During our travels in America, we have learnt a great deal about cowboys. The difference between someone who can ride competently and a true working cowboy may ostensibly appear marginal, but in extreme conditions a chasm appears.
To work a horse in -20 degrees, in two feet of fresh snow, whilst holding a weapon in one hand, appearing totally at ease, is a bridge too far for 99% of riders. So, on this set in Norwood, Colorado we knew we had to work with the best of the best. Ty Mitchell on the left is as authentic a Texan cowboy as they come and it is no surprise to us that he will soon be on set for three months with Martin Scorsese. I don’t think Scorsese will be disappointed with any aspect of Ty’s character. It will not be Ty’s first rodeo, Anthony Bourdain featured him when parts Unknown visited West Texas and Marfa.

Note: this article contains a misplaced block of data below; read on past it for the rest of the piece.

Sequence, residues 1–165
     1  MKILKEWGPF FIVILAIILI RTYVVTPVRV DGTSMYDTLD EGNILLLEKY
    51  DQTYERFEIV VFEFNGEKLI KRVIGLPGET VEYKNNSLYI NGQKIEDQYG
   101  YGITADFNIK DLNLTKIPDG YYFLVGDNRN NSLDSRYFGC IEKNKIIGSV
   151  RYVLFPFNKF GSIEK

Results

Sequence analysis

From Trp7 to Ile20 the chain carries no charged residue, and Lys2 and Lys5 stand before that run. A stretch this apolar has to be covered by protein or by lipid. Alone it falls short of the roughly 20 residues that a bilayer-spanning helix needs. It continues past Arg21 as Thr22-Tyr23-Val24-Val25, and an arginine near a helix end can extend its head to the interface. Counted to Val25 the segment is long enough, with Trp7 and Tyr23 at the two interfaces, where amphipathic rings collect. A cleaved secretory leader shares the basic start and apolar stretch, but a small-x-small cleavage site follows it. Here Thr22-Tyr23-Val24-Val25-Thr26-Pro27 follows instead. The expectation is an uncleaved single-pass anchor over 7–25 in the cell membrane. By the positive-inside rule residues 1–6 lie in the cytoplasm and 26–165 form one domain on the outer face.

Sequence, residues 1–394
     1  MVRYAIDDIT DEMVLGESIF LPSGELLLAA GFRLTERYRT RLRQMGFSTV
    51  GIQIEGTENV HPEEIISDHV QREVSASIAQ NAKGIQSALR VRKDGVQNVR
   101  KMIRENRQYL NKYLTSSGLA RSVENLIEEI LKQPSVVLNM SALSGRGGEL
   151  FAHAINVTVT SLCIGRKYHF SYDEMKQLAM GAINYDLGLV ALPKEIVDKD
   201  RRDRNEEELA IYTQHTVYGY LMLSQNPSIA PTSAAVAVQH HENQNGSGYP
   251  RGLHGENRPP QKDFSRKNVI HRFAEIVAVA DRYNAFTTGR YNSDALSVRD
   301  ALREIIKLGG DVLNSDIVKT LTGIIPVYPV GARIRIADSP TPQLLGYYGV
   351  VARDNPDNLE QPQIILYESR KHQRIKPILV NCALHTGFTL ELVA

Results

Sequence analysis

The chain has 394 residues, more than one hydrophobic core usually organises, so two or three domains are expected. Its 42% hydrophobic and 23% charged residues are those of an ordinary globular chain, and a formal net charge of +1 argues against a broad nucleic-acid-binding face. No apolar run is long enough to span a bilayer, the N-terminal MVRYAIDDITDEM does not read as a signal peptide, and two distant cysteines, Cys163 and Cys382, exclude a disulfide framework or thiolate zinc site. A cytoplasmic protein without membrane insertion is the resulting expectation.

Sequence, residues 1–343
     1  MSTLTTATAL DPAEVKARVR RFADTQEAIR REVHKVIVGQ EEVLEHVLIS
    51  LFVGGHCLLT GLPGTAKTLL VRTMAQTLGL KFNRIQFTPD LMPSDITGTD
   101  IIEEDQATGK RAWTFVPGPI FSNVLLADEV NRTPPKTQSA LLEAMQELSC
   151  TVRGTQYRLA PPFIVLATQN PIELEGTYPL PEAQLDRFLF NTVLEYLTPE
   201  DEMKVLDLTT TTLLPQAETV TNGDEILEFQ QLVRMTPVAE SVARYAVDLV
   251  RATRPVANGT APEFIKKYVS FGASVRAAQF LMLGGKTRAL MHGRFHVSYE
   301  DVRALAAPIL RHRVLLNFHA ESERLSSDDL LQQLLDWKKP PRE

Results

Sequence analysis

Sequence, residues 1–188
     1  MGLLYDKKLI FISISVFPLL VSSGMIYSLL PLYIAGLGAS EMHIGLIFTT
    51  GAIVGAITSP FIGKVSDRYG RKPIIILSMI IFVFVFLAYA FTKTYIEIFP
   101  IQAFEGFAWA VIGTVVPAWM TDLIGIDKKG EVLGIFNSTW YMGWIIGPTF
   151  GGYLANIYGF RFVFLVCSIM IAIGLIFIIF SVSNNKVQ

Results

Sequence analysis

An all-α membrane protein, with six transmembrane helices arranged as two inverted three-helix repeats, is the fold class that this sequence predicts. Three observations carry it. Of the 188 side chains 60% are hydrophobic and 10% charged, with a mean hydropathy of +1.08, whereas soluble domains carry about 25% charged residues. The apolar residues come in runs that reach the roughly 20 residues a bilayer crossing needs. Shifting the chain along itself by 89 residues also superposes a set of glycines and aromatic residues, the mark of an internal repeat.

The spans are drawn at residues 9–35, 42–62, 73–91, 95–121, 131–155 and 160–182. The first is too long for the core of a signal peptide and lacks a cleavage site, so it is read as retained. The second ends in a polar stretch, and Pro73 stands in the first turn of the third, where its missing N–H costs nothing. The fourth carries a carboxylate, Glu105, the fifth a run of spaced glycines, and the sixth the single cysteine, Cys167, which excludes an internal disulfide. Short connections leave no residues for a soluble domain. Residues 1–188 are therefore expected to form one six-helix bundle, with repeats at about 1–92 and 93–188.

To his right, Michael Malone is a local rancher from Colorado and he immediately impressed us with his understated confidence and ability to play to a role. I fancy he could ride a horse sidesaddle whilst totally stoned and I sense such a challenge may have been put to the test once or twice. We welcomed him to the team with open arms.
In my mind, the key variable in this photograph is the light. On a sunny winter’s day, with snow on the ground, I believe the best light is actually in the first three or four minutes when the sun raises its head and touches the subject. 10 minutes after sunrise is too late as the sun is too harsh on the subject. In those initial minutes, the sun can be behind the camera and give the cameraman huge flexibility. In this case, the flexibility I needed was a very fast shutter speed.